There is no shortage of books on the Holocaust. We have, of course, the diary of Anne Frank, which appears to be the definitive nonfiction work recording World War II. It always seems more difficult, though, to find out what the war was like in France, as most accounts by or about Jews seem to focus on eastern Europe.
Hélène Berr was a French university student at the time of the war. A violin player and student of English literature, she wrote a journal that by any account would be considered an accomplishment in style, literary analysis and flow. Her prose is beautiful, and you almost forget that you are reading about the Holocaust, as it is just as interesting to read her thoughts on music and literature.
Again, a comparison with Anne Frank seems the best way to illustrate Berr's own journal. Frank lived in the Secret Annex and had nothing else to do but write for long hours in her diary. Once she heard that diaries were going to be collected after the war, she even went back and began to edit it with the intent of publication. It was written because she was a regular girl who kept a journal whenever she had the free time. Not everyone knows what it feels like to live in Nazi-occupied Paris, but more of us do know what it feels like to be in love with two people at once or to be frustrated with your family, friends or schoolwork. In that basic humanity, we can insert ourselves immediately into Berr's world, and then we follow her into the darker times, as the Gestapo gain more and more control over it.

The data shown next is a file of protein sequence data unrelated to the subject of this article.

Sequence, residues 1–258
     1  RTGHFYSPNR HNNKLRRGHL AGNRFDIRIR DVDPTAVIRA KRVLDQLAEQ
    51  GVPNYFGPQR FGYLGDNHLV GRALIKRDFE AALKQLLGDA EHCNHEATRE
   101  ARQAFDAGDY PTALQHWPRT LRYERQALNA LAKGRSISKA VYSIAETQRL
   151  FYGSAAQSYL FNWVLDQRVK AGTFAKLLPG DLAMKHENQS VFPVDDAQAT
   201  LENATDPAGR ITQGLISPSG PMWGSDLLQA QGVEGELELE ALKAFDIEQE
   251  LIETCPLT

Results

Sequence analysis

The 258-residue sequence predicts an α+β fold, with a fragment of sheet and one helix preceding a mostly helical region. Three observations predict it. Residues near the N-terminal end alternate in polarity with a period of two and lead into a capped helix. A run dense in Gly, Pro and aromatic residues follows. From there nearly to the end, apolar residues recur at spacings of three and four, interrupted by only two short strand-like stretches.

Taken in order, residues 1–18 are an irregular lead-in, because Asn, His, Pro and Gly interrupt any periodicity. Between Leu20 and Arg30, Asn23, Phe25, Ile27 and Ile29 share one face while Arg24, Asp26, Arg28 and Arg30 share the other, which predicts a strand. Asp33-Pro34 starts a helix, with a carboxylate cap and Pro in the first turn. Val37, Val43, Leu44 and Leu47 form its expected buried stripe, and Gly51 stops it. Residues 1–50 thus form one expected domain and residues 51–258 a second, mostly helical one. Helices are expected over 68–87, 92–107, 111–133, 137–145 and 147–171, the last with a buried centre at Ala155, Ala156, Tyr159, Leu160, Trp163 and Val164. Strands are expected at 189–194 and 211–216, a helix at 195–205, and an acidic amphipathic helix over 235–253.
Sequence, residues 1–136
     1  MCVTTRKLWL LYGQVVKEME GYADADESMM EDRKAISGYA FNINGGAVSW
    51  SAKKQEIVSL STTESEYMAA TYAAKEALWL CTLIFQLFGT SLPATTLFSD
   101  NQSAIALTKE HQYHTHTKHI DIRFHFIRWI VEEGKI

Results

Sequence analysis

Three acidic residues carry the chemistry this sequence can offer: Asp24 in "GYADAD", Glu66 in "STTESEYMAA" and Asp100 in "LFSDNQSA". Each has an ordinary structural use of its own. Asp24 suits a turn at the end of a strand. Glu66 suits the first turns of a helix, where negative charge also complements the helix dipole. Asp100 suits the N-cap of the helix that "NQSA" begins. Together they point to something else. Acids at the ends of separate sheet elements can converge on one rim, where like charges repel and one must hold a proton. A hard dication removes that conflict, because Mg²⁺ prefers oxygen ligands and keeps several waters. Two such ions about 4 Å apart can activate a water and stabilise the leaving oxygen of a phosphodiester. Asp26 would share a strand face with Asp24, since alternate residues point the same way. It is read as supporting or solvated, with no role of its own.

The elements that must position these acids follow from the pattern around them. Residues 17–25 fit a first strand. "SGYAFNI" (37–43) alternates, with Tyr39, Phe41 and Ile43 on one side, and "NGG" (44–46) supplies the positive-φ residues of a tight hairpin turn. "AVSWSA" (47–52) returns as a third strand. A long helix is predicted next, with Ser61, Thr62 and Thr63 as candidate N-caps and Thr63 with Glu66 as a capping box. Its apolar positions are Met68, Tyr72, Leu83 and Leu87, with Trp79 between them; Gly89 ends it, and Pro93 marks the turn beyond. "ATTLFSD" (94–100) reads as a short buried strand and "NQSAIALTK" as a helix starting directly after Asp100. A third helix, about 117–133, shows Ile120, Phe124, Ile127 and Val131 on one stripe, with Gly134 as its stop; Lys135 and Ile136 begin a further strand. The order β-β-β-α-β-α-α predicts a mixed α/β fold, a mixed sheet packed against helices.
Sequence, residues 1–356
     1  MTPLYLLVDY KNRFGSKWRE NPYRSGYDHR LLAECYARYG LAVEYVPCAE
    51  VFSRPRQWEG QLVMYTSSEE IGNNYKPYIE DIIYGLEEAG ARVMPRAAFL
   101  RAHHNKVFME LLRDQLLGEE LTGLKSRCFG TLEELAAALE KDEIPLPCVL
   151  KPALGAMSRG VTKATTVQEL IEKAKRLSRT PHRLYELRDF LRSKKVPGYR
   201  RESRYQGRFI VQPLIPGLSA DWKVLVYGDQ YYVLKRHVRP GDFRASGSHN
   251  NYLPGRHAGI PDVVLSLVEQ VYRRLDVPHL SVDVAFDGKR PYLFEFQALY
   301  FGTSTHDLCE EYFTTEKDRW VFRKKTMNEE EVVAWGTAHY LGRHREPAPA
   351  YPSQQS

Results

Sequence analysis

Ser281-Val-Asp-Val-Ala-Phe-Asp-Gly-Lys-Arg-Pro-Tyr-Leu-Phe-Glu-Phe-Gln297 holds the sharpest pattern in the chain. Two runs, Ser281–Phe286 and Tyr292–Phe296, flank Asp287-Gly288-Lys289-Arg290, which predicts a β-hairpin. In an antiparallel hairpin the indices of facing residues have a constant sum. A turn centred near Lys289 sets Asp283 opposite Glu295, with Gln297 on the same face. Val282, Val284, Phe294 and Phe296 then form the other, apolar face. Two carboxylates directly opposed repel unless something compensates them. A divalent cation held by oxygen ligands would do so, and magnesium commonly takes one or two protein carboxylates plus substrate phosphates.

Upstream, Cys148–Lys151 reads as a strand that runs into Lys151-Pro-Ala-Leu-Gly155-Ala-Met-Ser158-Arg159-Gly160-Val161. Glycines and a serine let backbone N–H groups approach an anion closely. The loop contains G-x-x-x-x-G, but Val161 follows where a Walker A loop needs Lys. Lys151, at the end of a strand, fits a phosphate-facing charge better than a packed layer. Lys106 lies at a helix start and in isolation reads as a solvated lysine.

Berr's family struggles to hold on when her father is taken to a prison. The man she loves is forced to flee France for his safety, and she watches as friends and neighbors are taken by the Gestapo to various prisons and camps. She herself seems lucky enough, but even her education and life are deeply affected by the presence of Hitler's police in her city.
I struggle in my own reading of Holocaust literature because I don't want to seem morbid or as if I enjoy descriptions of death and inhumane treatment. Anyone who has read a book or seen a movie probably has had to take in more than enough descriptions of Nazi treatment of Jews and others. But we continue to read so that we don't forget, and because each account gives us a little something different. THE JOURNAL OF HELENE BERR seems more hopeful, partly because of its unique narrator. Berr, who was Jewish, was able to go on with her daily life for much longer than others, and because of that, we see a more realistic, young girl reaction to the ways her life was changed. How horrible it is to wear an ugly yellow star on all of your fashionable clothing. How terrible it is when you can't be mean to your mother, because she is the one who is keeping the family together while your father is in prison. Berr's thoughts seem more within reach than others, if just because it is easier not to have to fathom so many horrific experiences at death and concentration camps.
THE JOURNAL OF HELENE BERR is illustrated further with a glossary, an epilogue detailing Berr's death in Bergen-Belsen just days before its liberation, an index and more. It would be an illuminating addition to any personal library or school curriculum.
Reviewed by Sarah Hannah Gómez on November 11, 2008
The Journal of Helene Berr